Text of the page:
This is the first post in a new series, "Restoring Our Roots," on gardening -- suggesting native substitutes for common exotic garden plants and taking small steps to make a truly sustainable, green garden.
While on vacation, it's nice to relax and take a break from the everyday. Since vacations with my family always involve some kind of outdoor activity, I can't help but to notice the plants around me. For a botanist, I suppose, there is no such thing as time off.
Visiting new places, I'm always on the lookout for plants on the loose. These would be herbaceous or woody plants that have escaped from a garden and moved into a nearby natural area. These potential troublemakers need to be noted. Did you know that most states and townships don't have laws against nurseries selling known invasive plants to home gardeners? Sadly, the onus is on the buyer to be educated.
One plant that qualifies as possibly problematic is the Nippon daisy. Formerly Chrysanthemum nipponicum (literally "daisy from Japan"), the taxonomy changed and it now has the silly Latin name Nipponanthemum nipponicum -- Japanese flower from Japan. Oh those wacky taxonomists!
In the New York City area, it is commonly known as "Montauk daisy." Despite its scientific name, there are nurseries that erroneously claim it is native to the area around the Montauk Lighthouse in New York. This is why gardeners need to be knowledgeable. Something growing wild does not necessarily mean it's native. In this case, it is an exotic that has naturalized there. Montauk daisy also resides in coastal habitats in New Jersey, Rhode Island and Connecticut.
The plant has become popular because it is pretty and hard to kill. It does well in dry, well-drained soil in full sun (beach dunes, for example). It is a shrubby perennial that becomes mounded and bush-like, growing to three-feet tall. White, daisy-like flowers appear in mid-summer and last until first frost. It is attractive to a variety of pollinators.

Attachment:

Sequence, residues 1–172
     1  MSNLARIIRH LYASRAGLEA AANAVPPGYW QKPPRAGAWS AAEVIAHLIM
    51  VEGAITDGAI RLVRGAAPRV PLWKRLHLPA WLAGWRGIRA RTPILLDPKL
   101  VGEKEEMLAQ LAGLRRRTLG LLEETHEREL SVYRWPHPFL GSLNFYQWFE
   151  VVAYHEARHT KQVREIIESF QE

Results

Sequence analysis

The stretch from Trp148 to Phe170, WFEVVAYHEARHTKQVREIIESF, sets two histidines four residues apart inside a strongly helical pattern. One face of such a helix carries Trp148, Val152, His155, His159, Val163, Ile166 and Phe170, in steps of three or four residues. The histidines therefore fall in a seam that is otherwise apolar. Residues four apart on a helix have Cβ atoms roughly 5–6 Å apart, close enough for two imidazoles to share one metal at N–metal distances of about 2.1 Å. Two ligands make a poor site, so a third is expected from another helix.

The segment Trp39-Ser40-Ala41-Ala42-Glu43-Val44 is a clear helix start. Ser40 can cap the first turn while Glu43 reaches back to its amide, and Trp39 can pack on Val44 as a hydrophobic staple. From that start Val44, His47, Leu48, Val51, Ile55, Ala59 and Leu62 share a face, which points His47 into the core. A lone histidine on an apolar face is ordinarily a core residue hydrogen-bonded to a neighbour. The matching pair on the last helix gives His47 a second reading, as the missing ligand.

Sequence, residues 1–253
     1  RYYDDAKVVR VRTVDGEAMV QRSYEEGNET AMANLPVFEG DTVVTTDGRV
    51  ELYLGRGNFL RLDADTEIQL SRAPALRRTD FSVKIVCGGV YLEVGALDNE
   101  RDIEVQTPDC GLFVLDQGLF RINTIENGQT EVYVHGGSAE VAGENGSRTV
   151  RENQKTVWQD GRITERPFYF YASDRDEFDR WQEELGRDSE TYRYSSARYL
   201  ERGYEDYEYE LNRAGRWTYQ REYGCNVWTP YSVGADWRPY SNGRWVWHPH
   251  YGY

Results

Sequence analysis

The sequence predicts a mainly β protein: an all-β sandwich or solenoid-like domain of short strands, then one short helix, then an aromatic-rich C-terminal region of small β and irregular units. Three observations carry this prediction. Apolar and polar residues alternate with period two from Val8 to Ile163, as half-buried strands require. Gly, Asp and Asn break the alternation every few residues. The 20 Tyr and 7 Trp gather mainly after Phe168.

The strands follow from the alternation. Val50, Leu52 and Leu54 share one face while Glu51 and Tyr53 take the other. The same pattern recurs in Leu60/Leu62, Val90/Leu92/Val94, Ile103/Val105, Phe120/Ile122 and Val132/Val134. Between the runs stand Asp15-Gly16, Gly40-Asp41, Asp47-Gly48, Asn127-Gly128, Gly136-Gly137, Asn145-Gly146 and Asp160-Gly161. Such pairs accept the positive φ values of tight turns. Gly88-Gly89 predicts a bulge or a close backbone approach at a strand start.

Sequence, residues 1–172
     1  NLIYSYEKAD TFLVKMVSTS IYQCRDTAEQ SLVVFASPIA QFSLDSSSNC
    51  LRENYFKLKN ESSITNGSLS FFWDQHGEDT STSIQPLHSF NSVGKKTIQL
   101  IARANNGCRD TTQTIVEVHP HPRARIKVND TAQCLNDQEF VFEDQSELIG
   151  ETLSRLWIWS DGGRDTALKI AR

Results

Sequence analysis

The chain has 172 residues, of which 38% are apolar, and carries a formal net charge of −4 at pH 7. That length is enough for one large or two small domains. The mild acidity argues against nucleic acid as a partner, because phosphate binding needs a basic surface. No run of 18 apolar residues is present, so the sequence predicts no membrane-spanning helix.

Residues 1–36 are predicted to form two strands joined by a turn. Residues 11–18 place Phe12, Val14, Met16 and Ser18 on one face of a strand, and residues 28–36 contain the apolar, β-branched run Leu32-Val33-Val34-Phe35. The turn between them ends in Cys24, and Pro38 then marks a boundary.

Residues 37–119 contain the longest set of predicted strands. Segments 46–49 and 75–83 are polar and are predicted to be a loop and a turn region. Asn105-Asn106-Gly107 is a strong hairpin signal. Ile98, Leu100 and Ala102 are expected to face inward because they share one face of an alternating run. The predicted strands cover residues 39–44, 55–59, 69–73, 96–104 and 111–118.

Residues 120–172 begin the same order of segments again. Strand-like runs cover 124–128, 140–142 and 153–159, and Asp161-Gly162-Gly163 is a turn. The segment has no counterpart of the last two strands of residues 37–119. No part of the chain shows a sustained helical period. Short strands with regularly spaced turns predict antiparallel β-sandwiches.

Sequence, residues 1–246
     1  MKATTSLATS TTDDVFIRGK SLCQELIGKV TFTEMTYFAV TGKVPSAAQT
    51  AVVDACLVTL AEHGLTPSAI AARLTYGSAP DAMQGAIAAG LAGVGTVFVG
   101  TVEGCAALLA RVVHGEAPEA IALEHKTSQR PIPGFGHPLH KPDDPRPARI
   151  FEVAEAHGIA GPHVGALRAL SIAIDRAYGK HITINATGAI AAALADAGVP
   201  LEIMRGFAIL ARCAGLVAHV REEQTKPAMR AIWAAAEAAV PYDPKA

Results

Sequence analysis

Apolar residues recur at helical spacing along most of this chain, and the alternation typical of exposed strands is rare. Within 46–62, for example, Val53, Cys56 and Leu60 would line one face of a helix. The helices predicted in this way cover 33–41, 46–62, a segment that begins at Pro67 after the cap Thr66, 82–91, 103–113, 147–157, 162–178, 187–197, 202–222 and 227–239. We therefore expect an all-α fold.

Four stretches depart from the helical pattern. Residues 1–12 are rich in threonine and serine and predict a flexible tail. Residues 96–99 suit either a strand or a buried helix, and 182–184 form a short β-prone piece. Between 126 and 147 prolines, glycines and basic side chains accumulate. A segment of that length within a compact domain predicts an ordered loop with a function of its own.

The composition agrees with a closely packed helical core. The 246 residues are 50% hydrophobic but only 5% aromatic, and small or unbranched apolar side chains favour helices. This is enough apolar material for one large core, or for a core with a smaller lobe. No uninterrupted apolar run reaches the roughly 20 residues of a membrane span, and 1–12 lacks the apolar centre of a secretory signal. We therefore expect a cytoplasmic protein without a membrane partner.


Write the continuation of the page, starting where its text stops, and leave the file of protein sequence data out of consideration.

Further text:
Instead of courting potential disaster, why not use a homegrown member of the Aster family? Echinacea purpurea 'White Swan' is a white cultivar of the native purple coneflower, the characteristic prairie species with a natural range that extends from Ohio to Michigan and Iowa south to Oklahoma, Louisiana and Georgia. 'White Swan' (pictured below) grows to 30" tall and is also a strong foliage plant with dark green leaves. Large flowers bloom from mid-summer into mid-autumn. A ring of long, reflexed, creamy white ray petals encircle protruding coppery-green cones. While in bloom, the blossoms attract a wide array of bees, butterflies and skippers.
The leaves of 'White Swan' provide sustenance for native caterpillars of the Silvery Checkerspot, Wavy-Lined Emerald and Common Eupithecia. In winter, these flowers offer seeds for hungry goldfinches. And isn't sharing our gardens with wildlife what it's all about?
This plant also prefers well-drained soil in full sun. Once established, it tolerates drought, heat, humidity and poor soils. While it self-seeds freely, given that it is a cultivar, flowers probably won't come true from seed. Instead, propagate vegetatively via root cuttings in autumn. This easy-to-please plant is excellent for beginners who want to go native in the garden.
Check out this exclusive TDG video of Marielle Anzelone talking about Wildflower Week and the importance of protecting, and exploring, urban nature:
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